“Since April,” he points out, “the best performing mar-
kets have been Brazil, Russia, India and China. In three
months, China was up 20%.”
ETFs are famed for being liquid, low cost, tax efficient
and transparent. That they also can be traded at any time
during the day is perhaps their most appealing feature.
“E TFs give you the ability to capitalize on an investment
class, segment or theme more quickly than you could in the
past,” Bergman notes. The advantage of all-day trading “is
where they really make a difference.”
For instance, eight years ago, when a plane crashed into
a New York City high-rise building, the event set off fears
that it was another terrorist attack; and the market plunged.
Bergman saw opportunity. “I was able to go in [quickly]
and buy a particular ETF that I wanted, which was down
3–5%. Within only 15 minutes, they confirmed that it was
a private plane piloted by a Yankees pitcher,” he recalls. “So
there are dislocations from time to time that make being
able to trade during the day a big advantage.”
Bergman made that notable invest-
ment around the time he was devel-
oping his core/satellite ETF strategy.
As a senior managing director at Bear
Stearns, he was doing a deep dive into
ETF research, testing funds in his per-
sonal accounts and determining which
types of E TFs made the most sense and
which to avoid.
“Properly investing with ETFs re-
quires research, understanding and vigi-
lance,” the FA stresses. “If the captain
of the ship doesn’t know what they’re
doing, ETFs are worth nothing.”
He pans advisors who, instead of
focusing on long-term, broad-based
allocation, trade ETFs too often sim-
ply because it’s easy.
“Greed, fear and gambling seem
to overtake a lot of investors,” he says.
“They’re turning over the portfolio more often than they [ordinarily]
would based on their thoughts about
a particular sector.”
The savvy Bergman, who got himself
Series 7-registered as a college senior
cold-calling afternoons for an independent brokerage, is a sharp critic of the ever-expanding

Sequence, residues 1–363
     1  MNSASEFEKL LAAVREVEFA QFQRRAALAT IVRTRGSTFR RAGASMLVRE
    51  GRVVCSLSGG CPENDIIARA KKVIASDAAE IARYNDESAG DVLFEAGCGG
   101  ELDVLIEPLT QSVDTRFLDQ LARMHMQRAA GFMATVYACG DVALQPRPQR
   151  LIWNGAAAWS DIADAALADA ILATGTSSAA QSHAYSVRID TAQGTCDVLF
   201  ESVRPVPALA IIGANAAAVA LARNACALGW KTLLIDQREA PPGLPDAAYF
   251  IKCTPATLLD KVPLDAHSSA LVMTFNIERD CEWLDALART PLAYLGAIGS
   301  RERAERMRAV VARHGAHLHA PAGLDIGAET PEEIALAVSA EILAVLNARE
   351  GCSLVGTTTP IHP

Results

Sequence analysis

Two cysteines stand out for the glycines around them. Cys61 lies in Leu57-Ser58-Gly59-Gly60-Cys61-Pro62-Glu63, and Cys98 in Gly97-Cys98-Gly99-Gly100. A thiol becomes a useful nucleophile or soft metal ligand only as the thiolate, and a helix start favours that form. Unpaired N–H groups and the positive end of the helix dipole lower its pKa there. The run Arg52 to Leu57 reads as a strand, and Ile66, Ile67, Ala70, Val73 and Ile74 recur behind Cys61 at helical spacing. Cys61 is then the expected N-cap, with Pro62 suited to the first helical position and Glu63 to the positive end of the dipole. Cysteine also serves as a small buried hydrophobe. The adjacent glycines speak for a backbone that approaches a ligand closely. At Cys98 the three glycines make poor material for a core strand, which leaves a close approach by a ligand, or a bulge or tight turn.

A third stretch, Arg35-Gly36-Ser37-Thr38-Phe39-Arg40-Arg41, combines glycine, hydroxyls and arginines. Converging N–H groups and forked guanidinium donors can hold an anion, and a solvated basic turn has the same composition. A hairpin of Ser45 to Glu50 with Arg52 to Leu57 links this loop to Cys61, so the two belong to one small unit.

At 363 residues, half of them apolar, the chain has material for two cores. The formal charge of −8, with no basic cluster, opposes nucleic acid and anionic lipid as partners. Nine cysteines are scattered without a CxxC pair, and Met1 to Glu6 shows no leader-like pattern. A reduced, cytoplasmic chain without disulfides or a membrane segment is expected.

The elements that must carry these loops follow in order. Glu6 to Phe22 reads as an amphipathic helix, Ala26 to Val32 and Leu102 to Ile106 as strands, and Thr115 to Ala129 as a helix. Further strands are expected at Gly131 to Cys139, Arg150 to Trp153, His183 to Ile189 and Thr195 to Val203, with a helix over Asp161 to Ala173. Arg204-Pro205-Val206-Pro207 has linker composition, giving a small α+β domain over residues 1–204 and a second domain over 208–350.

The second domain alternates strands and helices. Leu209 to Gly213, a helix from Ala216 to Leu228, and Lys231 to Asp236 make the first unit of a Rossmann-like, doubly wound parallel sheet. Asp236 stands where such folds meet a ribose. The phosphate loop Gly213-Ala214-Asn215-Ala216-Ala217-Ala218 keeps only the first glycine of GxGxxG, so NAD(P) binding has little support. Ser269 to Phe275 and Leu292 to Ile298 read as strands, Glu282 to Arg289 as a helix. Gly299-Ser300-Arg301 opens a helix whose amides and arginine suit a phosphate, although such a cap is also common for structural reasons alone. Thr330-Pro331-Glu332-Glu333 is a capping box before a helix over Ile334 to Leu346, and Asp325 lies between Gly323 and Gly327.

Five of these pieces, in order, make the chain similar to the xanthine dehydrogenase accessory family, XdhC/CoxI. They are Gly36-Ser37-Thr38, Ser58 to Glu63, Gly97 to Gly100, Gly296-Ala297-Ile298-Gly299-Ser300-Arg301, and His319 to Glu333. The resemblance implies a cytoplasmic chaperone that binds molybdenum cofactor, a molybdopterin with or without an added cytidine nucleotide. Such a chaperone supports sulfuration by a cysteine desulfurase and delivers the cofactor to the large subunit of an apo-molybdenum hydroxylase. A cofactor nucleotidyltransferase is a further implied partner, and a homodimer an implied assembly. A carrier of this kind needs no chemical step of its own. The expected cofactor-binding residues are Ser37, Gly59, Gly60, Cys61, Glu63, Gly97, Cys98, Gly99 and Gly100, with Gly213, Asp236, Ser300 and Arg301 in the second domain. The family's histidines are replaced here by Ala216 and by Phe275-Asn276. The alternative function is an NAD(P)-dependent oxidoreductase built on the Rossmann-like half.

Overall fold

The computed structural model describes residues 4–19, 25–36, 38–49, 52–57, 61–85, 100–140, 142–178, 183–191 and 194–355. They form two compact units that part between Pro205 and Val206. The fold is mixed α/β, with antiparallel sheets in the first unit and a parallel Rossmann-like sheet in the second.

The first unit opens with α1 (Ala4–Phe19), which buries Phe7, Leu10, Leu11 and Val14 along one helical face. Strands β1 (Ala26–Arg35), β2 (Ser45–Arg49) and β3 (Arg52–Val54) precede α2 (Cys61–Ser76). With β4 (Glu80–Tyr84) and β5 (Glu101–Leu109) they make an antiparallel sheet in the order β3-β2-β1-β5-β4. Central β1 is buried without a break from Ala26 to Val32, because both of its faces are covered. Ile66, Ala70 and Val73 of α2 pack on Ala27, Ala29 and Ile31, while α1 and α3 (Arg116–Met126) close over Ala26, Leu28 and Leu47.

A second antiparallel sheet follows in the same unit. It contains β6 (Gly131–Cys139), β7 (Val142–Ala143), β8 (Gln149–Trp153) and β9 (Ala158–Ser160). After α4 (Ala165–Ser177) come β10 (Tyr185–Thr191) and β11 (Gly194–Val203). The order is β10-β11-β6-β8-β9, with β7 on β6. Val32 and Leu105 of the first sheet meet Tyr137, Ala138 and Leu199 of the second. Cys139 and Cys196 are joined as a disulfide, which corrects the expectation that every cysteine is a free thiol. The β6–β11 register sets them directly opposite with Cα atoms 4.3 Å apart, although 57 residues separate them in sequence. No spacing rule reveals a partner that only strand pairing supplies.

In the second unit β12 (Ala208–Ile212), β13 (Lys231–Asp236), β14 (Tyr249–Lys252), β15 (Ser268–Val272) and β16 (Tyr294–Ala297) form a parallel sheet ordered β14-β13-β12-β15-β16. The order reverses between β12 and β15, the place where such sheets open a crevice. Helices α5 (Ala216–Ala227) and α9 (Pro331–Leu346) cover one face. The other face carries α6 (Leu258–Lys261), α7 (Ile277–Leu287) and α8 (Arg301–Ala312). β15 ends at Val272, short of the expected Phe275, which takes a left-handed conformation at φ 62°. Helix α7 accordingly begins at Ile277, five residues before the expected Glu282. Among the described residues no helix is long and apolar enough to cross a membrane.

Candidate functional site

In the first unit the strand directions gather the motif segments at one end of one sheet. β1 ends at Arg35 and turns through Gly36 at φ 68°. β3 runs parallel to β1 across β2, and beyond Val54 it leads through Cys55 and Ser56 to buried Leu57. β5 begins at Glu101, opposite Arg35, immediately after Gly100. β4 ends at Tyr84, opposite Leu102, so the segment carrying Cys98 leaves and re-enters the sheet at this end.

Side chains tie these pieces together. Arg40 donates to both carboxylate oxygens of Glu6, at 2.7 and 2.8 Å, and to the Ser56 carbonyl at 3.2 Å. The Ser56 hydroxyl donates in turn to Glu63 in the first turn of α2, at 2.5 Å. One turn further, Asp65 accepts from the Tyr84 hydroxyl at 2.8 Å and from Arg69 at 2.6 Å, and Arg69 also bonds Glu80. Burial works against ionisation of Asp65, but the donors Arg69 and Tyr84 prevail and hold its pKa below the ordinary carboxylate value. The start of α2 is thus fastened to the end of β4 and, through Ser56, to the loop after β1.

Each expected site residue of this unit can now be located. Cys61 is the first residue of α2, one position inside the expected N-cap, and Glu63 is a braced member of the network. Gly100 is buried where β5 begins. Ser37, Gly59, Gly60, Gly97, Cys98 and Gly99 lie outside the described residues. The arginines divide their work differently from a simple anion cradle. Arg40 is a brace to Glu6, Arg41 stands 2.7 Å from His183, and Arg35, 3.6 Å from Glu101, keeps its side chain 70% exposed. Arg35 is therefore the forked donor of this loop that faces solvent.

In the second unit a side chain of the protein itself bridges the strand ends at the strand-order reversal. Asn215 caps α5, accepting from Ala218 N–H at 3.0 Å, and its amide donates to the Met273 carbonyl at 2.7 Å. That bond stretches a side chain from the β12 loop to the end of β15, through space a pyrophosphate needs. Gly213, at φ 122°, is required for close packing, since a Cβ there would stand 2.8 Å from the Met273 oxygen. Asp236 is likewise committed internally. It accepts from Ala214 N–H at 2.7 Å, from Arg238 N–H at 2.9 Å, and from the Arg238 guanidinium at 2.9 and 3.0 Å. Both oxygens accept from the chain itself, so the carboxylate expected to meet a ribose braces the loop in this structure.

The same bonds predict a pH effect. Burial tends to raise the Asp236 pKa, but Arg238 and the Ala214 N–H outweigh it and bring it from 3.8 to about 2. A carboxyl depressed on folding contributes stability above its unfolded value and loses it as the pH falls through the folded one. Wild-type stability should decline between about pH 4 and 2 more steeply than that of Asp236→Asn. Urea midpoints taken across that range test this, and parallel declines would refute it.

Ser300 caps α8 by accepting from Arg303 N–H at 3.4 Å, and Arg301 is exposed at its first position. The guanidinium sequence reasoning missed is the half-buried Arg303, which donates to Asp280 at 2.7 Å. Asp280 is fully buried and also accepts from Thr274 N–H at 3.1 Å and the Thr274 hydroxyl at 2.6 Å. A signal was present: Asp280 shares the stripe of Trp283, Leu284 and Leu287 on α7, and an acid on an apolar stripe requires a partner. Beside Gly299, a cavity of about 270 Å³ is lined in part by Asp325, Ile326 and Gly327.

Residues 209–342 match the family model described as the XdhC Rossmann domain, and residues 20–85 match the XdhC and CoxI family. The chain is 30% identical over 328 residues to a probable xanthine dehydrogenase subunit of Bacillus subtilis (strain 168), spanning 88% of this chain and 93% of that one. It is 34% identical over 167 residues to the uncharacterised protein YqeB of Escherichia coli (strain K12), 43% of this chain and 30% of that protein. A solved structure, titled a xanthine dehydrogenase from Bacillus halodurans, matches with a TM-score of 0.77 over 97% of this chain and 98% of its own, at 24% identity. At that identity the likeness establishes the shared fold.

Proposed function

ETF world of products. There are now about 1,500 funds,
as of July of this year.
“ETFs have come a long way; and because of that, if
you’re not educated, there’s more and more confusion about
what they are,” says Bergman, who, after graduating from
the State University of New York at Buffalo with a B.S. in
business administration-concentration in finance, worked at
Janney Montgomery Scott for three years before joining Bear
Stearns. He believes firmly that there are far too many ETFs,
far too many providers and not nearly enough transparency.
“Unless you can really dig down and get the providers
in [to see you], for the most part you’re bombarded with
a smorgasbord where everything looks good until you
taste it. They’re trying to come out with an ETF for every
single asset class. A lot of ETFs aren’t good. A lot of ETFs
overlap. Unless you read the fine print and meet with the
managers, it’s a black hole.”
What Bergman Likes
For the first time in four years, contrarian investor Shelley Bergman, senior portfolio manager of The Bergman
Group at Morgan Stanley, in New York City, has added
financials to his ETF holdings.
“Most of the financial stocks have underperformed
for the last two to three years, but we feel there’s going to be a major
consolidation among banks in this country,” he says. “Though we don’t
see interest rates going up anytime soon, we believe that some of the
larger banks will begin to lend again. The economy is improving. Net
interest margins will come back eventually.”
Another top Bergman pick is the commodity sector, in which he re-
cently bumped up his ETF position.
“We like this sector at a time when everybody is telling you there’s
no inflation and you shouldn’t own a lot of commodities. But we like
them because they’re too cheap. We love sugar and wheat and corn
[etc.]. The world has to continue to eat, and these prices are at five-,
15-, 20-year lows.”
But, the advisor emphasizes, investing in broad-based commodity
funds is the route to success.
“Many commodity ETFs will be 30% top-heavy oil and gas. So if
corn, wheat, gold, silver [and other commodities] go up, and gas and
oil stay flat or go down, you’ll lose money. But if you buy a broad-based
ETF that has only 2% or 3% in each commodity, if oil and gas go down,
you’ll probably make a lot of money.” —JWR